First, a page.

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Year : 2018  |  Volume : 15  |  Issue : 3  |  Page : 142-146

A rare incidental case of an occult breast carcinoma micrometastasis in papillary thyroid carcinoma: A view within a view

1 Department of Oral and Maxillo-Facial Surgery, Sri Guru Ram Das Institute of Dental Sciences and Research, Amritsar, Punjab, India
2 Department of Pathology, Kalpana Chawla Government Medical College, Karnal, Haryana, India
3 Department of Pathology, Sri Guru Ram Das Institute of Medical Sciences and Research, Amritsar, Punjab, India
4 Department of Pathology, Rohilkhand Medical College and Hospital, Bareilly, Uttar Pradesh, India

Date of Web Publication15-Nov-2018

Correspondence Address:
Dr. Sonam Sharma
Department of Pathology, Kalpana Chawla Government Medical College, Karnal, Haryana
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Source of Support: None, Conflict of Interest: None

DOI: 10.4103/trp.trp_29_18

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Metastasis to thyroid gland is rare, accounting for only 2%–3% of malignant lesions of thyroid and if present, is associated with a poor prognosis. Herein, we describe a case of a 42-year-old female who presented initially with papillary carcinoma of the thyroid and a synchronous malignancy was pointed toward on the basis of a secondary population of atypical cells in intrathyroidal as well as perithyroidal blood vessels emboli. Immunohistochemistry and systematic review of the patient later proved the micrometastasis to be that of carcinoma breast for which the patient was operated 6 years ago. The present case is worth reporting because it documents the presence of two different cancers in a single-organ system (a rare presentation of breast ductal cancer metastasizing to the papillary thyroid carcinoma) by the means of an important yet overlooked lymphovascular compartment, by the identification of the metastatic tumor emboli.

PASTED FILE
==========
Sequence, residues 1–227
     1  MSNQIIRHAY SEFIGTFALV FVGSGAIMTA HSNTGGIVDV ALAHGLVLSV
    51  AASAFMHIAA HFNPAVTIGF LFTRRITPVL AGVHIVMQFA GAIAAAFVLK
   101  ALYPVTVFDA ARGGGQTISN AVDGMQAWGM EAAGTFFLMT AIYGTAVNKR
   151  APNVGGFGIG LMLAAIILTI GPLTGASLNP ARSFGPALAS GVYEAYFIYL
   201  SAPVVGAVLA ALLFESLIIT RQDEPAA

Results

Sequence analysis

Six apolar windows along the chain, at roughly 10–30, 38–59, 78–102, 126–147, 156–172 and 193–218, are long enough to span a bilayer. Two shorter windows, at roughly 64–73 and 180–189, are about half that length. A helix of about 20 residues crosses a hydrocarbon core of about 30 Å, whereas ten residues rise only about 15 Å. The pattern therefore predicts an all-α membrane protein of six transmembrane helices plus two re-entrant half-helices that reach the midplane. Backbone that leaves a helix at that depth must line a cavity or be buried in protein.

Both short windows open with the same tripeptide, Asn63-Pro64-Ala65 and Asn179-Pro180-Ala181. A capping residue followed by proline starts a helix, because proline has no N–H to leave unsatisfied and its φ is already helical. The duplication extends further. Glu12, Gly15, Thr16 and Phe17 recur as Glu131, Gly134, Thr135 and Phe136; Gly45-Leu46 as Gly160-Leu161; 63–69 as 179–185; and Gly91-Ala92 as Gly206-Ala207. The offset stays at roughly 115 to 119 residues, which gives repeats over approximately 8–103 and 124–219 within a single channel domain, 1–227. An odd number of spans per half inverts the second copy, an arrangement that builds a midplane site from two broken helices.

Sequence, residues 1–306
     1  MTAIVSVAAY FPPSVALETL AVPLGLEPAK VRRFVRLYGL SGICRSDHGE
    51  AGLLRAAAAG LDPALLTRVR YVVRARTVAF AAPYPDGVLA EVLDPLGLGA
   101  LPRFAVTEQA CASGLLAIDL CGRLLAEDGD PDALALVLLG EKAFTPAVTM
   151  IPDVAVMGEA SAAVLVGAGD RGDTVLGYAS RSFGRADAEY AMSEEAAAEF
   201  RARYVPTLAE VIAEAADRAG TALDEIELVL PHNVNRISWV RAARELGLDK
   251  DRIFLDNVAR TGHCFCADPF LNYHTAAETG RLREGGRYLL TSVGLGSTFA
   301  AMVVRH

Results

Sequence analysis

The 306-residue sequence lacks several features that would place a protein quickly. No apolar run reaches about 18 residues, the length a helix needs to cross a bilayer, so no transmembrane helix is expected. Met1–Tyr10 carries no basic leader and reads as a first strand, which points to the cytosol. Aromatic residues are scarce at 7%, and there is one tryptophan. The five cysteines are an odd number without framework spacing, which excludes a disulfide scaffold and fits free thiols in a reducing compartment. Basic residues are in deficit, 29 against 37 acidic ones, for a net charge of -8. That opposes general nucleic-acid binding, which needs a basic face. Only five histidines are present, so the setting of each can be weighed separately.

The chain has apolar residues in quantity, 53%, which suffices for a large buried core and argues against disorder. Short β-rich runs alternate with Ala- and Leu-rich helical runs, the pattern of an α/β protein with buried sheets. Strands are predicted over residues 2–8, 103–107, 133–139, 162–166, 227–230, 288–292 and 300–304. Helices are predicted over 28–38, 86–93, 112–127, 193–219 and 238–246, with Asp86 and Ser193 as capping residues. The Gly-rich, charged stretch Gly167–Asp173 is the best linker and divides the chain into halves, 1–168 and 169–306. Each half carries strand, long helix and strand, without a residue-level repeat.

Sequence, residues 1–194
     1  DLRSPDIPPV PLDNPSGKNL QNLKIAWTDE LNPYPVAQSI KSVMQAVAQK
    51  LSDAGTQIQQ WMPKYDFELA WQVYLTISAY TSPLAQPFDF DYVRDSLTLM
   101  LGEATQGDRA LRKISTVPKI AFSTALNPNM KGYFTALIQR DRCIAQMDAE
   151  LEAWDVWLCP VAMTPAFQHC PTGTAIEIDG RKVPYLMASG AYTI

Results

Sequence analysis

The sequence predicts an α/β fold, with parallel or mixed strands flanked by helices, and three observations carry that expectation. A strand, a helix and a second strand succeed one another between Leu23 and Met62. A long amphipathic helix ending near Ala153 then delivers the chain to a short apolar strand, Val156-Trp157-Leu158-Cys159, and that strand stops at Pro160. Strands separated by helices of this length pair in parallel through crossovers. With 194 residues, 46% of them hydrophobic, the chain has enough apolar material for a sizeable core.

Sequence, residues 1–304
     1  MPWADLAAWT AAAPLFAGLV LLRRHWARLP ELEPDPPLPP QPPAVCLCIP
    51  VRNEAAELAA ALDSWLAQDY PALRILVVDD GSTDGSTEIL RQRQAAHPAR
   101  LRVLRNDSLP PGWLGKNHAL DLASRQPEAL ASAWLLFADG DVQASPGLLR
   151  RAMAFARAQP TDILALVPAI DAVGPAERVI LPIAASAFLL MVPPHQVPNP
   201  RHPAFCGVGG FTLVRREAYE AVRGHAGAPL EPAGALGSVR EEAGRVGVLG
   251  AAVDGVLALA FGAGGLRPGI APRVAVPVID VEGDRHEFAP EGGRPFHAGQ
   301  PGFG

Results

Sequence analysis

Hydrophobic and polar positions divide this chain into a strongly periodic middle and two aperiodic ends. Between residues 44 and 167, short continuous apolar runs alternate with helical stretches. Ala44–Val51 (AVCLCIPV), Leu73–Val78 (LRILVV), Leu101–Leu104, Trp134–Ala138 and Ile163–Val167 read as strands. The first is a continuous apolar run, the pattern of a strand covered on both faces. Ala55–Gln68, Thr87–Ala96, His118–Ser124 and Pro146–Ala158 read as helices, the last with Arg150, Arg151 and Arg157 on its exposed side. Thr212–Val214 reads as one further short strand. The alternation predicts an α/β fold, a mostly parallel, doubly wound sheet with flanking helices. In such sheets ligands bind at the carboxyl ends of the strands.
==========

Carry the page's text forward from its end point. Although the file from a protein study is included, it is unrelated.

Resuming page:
Keywords: Breast carcinoma, lymphovascular, metastasis, papillary thyroid carcinoma, synchronous

How to cite this article:
Kaur J, Sharma S, Bhasin TS, Agarwal R, Mannan R. A rare incidental case of an occult breast carcinoma micrometastasis in papillary thyroid carcinoma: A view within a view. Thyroid Res Pract 2018;15:142-6

How to cite this URL:
Kaur J, Sharma S, Bhasin TS, Agarwal R, Mannan R. A rare incidental case of an occult breast carcinoma micrometastasis in papillary thyroid carcinoma: A view within a view. Thyroid Res Pract [serial online] 2018 [cited 2022 Dec 4];15:142-6. Available from: https://www.thetrp.net/text.asp?2018/15/3/142/245562

  Introduction Top

The incidence of breast cancer is increasing worldwide and it is expected to be the most common malignancy in Indian females by the year 2020.[1],[2],[3] Breast cancer is often screened early because of the availability of good diagnostic tools along with reasonably fine quality of neo-adjuvants, latest surgical procedures, and postoperative management, leading to an increased disease-free survival in many females. However, distant and local recurrences remain a challenge despite an extensive treatment plan. The most common sites for carcinoma breast metastasis are lung, liver, brain, and bone.[4] Thyroid cancers like breast cancer also carry a good prognosis and lower rate of recurrence in comparison to other malignancies, but their incidence has been gradually increasing for the last two decades due to the availability of ultrasonography and fine-needle aspiration cytology (FNAC), as tools to screen and diagnose various thyroid lesions.[5],[6],[7],[8] Metastasis to thyroid gland is rare and accounts for only 2%–3% of malignant lesions of the thyroid gland.[9] Metastasis in an organ system is usually identifiable due to the presence of islands, groups, or singly scattered tumor tissue of the primary tumor and a second population of cells not native to that organ system. Herein, we report a case of a 42-year-old female who presented initially with papillary thyroid carcinoma and a synchronous malignancy was pointed toward due to the presence of a secondary population of atypical cells in intrathyroidal as well as perithyroidal blood vessels emboli. Immunohistochemistry (IHC) and systematic review of the patient later proved the micrometastasis to be that of carcinoma breast for which the patient was operated 6 years ago.

  Case Report Top